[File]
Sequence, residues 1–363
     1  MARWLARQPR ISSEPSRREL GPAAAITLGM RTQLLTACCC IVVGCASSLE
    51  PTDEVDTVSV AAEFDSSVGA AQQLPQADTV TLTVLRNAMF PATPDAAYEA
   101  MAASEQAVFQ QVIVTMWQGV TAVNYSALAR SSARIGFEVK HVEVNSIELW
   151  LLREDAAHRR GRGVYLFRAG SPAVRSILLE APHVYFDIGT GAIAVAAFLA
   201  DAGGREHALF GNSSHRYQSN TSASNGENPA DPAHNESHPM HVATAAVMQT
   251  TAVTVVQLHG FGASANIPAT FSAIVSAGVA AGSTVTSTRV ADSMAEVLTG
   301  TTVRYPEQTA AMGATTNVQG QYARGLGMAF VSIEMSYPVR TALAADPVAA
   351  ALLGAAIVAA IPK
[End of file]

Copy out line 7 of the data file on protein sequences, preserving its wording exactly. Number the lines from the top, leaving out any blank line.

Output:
   251  TAVTVVQLHG FGASANIPAT FSAIVSAGVA AGSTVTSTRV ADSMAEVLTG